Xinalani: In the fitness world, experts often say you need to change up your workout in order to constantly challenge your muscles in new ways so they don’t become accustomed to the same movements.  Why is Ashtanga different, even though you follow the same series repeatedly?  
Krista: I’ll try to answer your question from a purely physical perspective:  In Ashtanga Yoga asana practice you do repeat the exact same series of postures in the primary series until you master those asanas (postures) – until you are indeed accustomed to the movements and your body has not only physically mastered the ability to do the movements with grace but also mastered breathing fluidly without strain while doing the postures with grace.  This is not cross training, this is yoga and one of our goals is to steady the body by training the body and breath so that we can then work to steady the mind.  But it takes a long time for a person doing the Ashtanga Primary Series 6 days per week to truly master that series and be ready to move onto the next.  During that period of working towards mastery the student is doing the same sequence each day struggling to find balance and agility, stamina, control, coordination, build strength and flexibility and much more.  And over time, doing the practice consistently, for a long period of time, without break, a student will eventually become master over those movements that make up the primary series – as that is part of the process.  If we took the approach of the general fitness world, we would never master any yoga postures– to me there is little benefit in that.  While physical fitness is certainly a benefit of yoga practice, it is only one of many – the process should take us deeper and deeper, not keep us on the surface level.  But please don’t mistake me, this asana practice is an intense physical challenge.  Once a student does master primary series he or she will slowly build up second series postures and later 3rd and so on, and each series is progressively more challenging and demanding on the body.  One thing that really makes this yoga method unique, even for fitness buffs, is that the student can gauge their own progress in their practice each day – as they get deeper into postures, attain more balance and flexibility they can see that on the mat because they are repeating the same sequence over and over until it is ‘mastered’ so that their body and mind is ready to embark on the next series of asanas to continue to challenge their body, mind and spirit.


Xinalani: Is there space for creativity in an Asthanga practice?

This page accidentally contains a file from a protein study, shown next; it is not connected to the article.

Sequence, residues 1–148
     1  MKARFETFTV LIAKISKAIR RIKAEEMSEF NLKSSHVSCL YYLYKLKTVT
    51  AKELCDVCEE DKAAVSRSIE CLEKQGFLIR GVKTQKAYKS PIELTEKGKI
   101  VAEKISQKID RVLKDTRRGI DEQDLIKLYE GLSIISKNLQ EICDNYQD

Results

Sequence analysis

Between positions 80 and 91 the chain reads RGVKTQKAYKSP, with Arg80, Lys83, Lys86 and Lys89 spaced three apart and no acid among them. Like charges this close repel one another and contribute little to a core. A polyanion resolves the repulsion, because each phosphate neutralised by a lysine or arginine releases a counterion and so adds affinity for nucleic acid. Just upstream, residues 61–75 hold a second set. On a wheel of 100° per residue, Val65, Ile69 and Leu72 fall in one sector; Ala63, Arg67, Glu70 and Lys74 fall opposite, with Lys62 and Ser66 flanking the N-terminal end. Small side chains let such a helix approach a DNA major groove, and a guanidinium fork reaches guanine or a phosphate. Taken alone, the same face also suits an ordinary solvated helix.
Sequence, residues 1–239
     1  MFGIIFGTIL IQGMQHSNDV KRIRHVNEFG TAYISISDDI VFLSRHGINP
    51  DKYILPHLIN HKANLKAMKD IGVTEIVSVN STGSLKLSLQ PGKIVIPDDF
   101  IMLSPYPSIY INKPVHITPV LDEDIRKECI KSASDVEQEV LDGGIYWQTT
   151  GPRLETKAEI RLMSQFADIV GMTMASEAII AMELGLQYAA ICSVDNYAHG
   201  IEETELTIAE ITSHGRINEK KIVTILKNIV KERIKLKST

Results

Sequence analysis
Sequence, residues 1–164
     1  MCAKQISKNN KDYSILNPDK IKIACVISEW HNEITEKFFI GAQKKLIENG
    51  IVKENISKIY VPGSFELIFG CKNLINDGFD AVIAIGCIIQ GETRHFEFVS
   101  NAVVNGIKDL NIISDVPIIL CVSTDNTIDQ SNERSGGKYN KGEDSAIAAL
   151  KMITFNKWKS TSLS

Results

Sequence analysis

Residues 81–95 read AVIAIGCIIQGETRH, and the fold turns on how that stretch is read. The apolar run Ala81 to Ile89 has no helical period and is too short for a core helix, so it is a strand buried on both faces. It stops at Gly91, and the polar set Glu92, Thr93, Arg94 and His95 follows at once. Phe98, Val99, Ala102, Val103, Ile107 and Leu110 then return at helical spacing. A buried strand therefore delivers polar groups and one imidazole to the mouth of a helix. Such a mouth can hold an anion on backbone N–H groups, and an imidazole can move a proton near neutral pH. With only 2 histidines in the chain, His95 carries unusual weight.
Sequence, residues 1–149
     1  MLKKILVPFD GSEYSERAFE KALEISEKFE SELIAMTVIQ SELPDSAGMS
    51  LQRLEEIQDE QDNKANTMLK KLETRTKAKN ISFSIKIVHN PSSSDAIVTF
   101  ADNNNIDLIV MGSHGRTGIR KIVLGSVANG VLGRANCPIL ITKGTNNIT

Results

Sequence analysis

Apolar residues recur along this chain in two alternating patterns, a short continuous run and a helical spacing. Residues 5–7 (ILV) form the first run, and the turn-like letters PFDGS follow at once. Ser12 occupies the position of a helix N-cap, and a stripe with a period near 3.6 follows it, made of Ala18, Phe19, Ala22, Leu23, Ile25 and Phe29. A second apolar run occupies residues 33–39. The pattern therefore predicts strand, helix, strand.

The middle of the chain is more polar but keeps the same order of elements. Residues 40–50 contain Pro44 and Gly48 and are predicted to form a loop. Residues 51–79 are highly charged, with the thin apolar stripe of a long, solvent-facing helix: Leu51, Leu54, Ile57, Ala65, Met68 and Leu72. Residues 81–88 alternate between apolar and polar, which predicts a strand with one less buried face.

Krista: Absolutely!  I can guarantee that not one day is ever the same on your mat.  Let’s say you are working to master primary and have three poses left in the sequence.  Sunday-Friday you do your practice exactly the same each day, but on Sunday you focus on keeping with the Vinyasa count, Monday you are extremely tired and move much slower than the count and holding postures a few extra breathes, Tuesday you are short on time so you have to leave out your final three seated postures before moving to finishing, Wednesday your mind is all over the map thinking about a deadline at work and you are not very focused on asana but you show up and do anyway, on Thursday you are totally connected with your breath and bandhas and nothing in the world can distract you in practice and you attain a true moving meditation session on your mat, and Friday your teacher leads your class through primary series with proper Vinyasa count and you end in final rest with your eyes closed, clothes drenched in sweat, smiling knowing tomorrow is a rest day.  Every single day is different and YOU make it what it is.  You put in the effort or you don’t, show up and do or you don’t, allow the distractions in the room or in your head to affect your practice or not, go to classes outside your local studio when traveling or chose to roll out your mat in your hotel room…While Ashtanga yoga does not allow for creativity in sequencing of postures in the series, that doesn’t mean the practitioner cannot be creative within the structure of the sequence in each series.  If Ashtanga did allow creativity of sequencing, then it would no longer be Ashtanga Yoga – it would be power yoga or flow yoga or power flow yoga or Vinyasa or any of the many names people have made up in recent years to describe their own creative diversion from this traditional Ashtanga yoga method.  In Ashtanga yoga the creativity comes from within you.  Each day is a blank canvas and you get to color it how you wish. I see my practice exactly the same way – my Ashtanga yoga practice is my canvas – I get on my mat and take my prescribed practice and the outcome of that practice is totally up to me – the lessons I learn, the stuff I release the thoughts I have or don’t have…New styles of yoga that ‘mix things up’ remind me of today’s toys for children.  Toys today are so detailed and so intricate there is little room for creative freedom on the part of the child.  Today’s yoga classes are so mixed up and flavored with this and that, there is little room for yoga practitioners to go deep within themselves to have their own creative experience.  Simple is best – allows more room for growth, change, transformation and joy.